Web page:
On Sunday 9 August 2020 IMATU will join with the nation in celebrating Women’s Day.
In one of the landmark moments of our country’s history, approximately 20 000 women marched to the Union Buildings on 9 August 1956, to protest against the notorious pass laws. The “pass” was designed to maintain population segregation, control urbanisation and manage migrant labour during the apartheid era.
This march was led by Lilian Ngoyi, Helen Joseph, Rahima Moosa and Sophia Williams. The women left 14 000 petitions at the office doors of the prime minister, JG Strijdom, and then stood silently for 30 minutes, whereafter they started singing a protest song that had been composed in honour of the occasion: “Wathint’Abafazi Wathint’imbokodo” (Now you have touched the women, you strike a rock).
In the years since 1956, the phrase “if you strike a woman you strike a rock” has come to represent women’s courage and strength, in South Africa, and it is this courage and strength that we will again celebrate, on 9 August 2020.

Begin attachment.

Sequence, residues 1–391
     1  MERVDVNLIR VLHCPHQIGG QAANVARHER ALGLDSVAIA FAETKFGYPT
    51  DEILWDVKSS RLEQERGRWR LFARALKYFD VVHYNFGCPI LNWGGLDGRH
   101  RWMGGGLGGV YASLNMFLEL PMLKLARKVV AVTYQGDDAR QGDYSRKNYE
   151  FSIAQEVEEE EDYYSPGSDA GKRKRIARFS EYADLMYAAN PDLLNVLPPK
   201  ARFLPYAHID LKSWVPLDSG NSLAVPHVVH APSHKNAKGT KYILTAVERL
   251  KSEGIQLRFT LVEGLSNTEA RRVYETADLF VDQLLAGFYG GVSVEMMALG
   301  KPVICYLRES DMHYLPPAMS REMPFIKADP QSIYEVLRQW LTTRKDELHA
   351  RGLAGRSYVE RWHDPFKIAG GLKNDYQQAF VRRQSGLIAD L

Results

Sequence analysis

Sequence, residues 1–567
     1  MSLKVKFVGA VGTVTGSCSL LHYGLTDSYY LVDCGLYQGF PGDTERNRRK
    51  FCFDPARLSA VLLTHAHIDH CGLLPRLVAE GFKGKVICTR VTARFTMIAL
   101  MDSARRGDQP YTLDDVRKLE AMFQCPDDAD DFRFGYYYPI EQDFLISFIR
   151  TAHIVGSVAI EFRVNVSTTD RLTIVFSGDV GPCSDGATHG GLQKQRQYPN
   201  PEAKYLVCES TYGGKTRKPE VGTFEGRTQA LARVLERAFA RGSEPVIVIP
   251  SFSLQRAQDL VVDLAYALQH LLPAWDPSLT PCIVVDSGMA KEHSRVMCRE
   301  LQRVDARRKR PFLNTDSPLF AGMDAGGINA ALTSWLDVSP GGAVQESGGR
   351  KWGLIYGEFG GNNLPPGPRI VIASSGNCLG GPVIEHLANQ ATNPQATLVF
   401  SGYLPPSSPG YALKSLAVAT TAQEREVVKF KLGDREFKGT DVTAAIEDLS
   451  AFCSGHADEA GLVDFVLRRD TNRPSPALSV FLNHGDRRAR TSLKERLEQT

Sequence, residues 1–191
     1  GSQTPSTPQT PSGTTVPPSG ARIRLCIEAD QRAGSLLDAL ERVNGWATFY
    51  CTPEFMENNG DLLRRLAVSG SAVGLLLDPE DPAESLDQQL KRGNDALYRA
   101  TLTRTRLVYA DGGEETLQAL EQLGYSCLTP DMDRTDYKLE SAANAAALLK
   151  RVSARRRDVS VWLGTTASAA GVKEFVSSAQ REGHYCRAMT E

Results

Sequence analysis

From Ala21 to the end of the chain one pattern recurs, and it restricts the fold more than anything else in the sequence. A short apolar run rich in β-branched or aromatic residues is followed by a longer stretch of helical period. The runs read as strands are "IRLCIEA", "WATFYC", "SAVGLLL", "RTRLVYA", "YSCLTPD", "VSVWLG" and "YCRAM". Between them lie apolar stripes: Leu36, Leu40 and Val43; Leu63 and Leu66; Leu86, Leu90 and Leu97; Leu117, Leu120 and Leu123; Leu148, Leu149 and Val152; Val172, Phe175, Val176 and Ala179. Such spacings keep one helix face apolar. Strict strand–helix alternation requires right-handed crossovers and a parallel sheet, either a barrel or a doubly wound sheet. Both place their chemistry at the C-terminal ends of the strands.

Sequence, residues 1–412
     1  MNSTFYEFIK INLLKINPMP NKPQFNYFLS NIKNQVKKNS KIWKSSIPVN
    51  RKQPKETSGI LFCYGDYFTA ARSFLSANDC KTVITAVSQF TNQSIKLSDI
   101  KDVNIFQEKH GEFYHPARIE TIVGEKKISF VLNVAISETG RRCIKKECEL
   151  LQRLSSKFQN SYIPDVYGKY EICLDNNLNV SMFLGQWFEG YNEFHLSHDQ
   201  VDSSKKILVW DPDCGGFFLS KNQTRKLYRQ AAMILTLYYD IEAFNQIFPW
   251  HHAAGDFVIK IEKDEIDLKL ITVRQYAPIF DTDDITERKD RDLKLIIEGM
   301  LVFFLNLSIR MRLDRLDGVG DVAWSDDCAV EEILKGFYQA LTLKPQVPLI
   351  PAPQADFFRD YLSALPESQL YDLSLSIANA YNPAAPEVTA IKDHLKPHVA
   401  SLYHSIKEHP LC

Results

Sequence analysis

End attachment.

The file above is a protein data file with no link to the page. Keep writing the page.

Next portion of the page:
Amidst the celebrations, however, the 9th of August is also a time to reflect sombrely on the ongoing gender based violence that the women (and children) of our country are subjected to on a daily basis. It is one of the tragedies of the new decade, and more particularly during the current COVID pandemic, that more than half of the women in South Africa have experienced some form of violence from someone with whom they were in a relationship. The most vulnerable members of our communities, our women and children, are being subjected to unprecedented levels of violence, and on this Women’s Day, IMATU calls on all citizens of this country to take a stand against gender based violence, and to remember the legacy of those indomitable women who marched against the pass laws, in 1956.